"We are extremely proud of Amanda Robertson and all she has accomplished in her career. The level of excellence our teachers bring every day is evident in Amanda's classroom as she works hard to provide a learning environment for each child," said Morrison. "Teachers are often underpaid and feel under-appreciated. We are excited to celebrate this award with Amanda and hope she understands how much we appreciate her and all of the teachers in Mount Airy City Schools. Our teachers make a difference every day in the lives of our children and our community is a better place because of teachers like Amanda Robertson."
During her three years at Jones Intermediate School, Robertson has been an agent of change for her school and district. When Mount Airy City Schools received a $1.6 million MAPSS (Math and Project-Based Learning for Student Success) grant, Robertson was one of three teachers in the first cohort to transform her teaching from teaching-centered to student-centered and implement project-based learning (PBL).
Assessments have captured impressive results: Grade-level proficiency improved from 50% to 63.56%, and Robertson's students exceeded the average by more than 10 percentage points. Jones Intermediate, a high-need school where 64% of students receive free or reduced-price lunch, scores in the top 4% of all elementary schools in North Carolina.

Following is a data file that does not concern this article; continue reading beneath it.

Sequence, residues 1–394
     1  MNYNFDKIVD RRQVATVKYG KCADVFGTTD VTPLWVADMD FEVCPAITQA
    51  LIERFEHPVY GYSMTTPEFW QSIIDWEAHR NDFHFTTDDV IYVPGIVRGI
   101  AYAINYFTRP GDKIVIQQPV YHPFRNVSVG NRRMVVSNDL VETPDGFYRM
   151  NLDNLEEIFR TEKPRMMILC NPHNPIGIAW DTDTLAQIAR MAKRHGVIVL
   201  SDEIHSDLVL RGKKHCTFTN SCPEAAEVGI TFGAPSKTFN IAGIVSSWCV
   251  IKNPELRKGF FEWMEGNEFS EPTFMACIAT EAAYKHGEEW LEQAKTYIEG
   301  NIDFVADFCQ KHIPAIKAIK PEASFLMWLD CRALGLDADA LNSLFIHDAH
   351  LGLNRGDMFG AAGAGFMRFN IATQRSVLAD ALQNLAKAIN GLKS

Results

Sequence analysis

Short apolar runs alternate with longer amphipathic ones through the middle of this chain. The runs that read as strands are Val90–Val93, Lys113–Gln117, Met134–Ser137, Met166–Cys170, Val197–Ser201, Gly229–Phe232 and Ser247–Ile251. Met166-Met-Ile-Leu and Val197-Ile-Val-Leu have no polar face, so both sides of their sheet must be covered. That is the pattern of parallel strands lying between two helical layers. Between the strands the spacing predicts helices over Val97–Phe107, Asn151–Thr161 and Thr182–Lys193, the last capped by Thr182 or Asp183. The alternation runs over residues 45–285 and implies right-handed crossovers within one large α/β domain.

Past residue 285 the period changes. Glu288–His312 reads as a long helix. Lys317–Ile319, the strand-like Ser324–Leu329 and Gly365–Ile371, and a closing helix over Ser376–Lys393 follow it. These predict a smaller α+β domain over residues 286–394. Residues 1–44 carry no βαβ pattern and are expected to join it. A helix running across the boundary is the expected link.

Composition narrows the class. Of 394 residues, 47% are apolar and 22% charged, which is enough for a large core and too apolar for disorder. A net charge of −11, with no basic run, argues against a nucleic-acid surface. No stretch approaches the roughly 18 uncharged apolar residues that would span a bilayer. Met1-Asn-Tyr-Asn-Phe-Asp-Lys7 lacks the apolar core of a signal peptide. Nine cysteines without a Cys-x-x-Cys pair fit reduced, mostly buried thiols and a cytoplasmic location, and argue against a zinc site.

Robertson's classroom is a model of best practices. Project-based learning allows her to challenge students intellectually, identify and maximize student strengths, and differentiate lessons for students at all learning levels. She gives students consistent, appropriate feedback that both celebrates their accomplishments and provides support for areas of improvement. Robertson involves parents in their children's learning, teaching them how to ask probing questions as students work on projects at home. Students lead family conferences in the classroom to show parents their work.